The solidity and driving dynamics make the Hyundai Elantra feel fully competitive with anything in its class.
The 1.8-liter engine makes 148 horsepower at 6500 rpm and 131 pound-feet of torque at 4700 rpm. (That's for the regular ULEV, or Ultra Low Emissions Vehicle. It's 145 hp at 6300 rpm in PZEV states).
Like most in this class, it has to be revved to get the most out of it, and it's fairly happy and unobtrusive doing so. Peak power is at 6500 rpm, though there seemed no point in going beyond 6300 to extract maximum performance. Like many Hyundai models, the gas pedal is calibrated for significant response, feeling like it initially gets a lot of power for just a little pedal, which then makes the second half of pedal travel not so exciting.
EPA fuel economy ratings on the Elantra are 28/38 mpg regardless of trim or transmission. Regular gasoline is recommended. During our test drive, the onboard computer showed a best of 40.3 mpg and a worst of 30.9 mpg in various traffic and terrain.
The 6-speed manual shifts effortlessly and allows maximum performance or most economical driving habits. The 6-speed automatic is just as good, holding gears as needed to maintain speed and eliminate a lot of gear changes trying to save fuel by uphsifting only to have to downshift two seconds later because speed fell off.
Electric-assist steering points the car where you want to go with minimal effort, reasonable feedback and U-turns in less than 35 feet. Brakes are all disc on all models and more than capable of slowing down anything the 1.8-liter engine gets going. Directional stability is good, with little of that vague on-center feeling that characterizes some electric-assist steering systems.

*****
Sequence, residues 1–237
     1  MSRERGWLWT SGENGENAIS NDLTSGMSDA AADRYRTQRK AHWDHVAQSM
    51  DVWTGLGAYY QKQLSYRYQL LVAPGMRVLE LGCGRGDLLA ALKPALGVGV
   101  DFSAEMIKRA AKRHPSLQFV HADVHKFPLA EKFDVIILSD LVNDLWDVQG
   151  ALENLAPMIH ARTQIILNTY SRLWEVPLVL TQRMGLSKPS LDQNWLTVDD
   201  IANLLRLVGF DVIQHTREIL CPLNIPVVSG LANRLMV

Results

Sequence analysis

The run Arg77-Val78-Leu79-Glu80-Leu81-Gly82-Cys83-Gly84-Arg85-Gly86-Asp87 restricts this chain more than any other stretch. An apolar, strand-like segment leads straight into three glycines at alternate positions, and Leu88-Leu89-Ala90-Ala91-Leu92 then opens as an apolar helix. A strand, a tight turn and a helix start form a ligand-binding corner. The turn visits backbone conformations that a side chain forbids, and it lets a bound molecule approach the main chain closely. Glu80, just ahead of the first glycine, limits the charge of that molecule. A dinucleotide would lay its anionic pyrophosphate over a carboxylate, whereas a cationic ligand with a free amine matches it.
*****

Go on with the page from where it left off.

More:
Electronic stability control and antilock brakes are standard across the board, and the steering assist is now part of the system: it adds assist when the steering wheel is turned in the correct direction, and lessens assist, requiring more driver effort, when the steering wheel is turned the wrong direction. It won't steer for you in case of a slide, only help you steer the correct direction.
The Elantra's structure is very stiff so the car feels solid, tight and squeak free. Suspension is tuned more for ride comfort than outright speed but the vault-like structure means it can do a commendable job on twisty roads and still glide down the highway. It does exhibit body lean in hard cornering but this is more than acceptable; it remains controlled and makes the driver aware it is working toward its limits.
It just pitter-patters across expansion joints, and it didn't make much difference if we were on the 16-inch steel wheels or lower-profile Limited tires and aluminum wheels. The latter have higher cornering limits, look better, won't be subject to rust long-term but aren't as forgiving on potholed infrastructure.
Hyundai claims a 500-mile range on the highway and we found nothing like wind noise, vibration or other fatigue-inducers that would make us stop for a break mid-way. Human endurance or hunger will more likely be the deciding factor.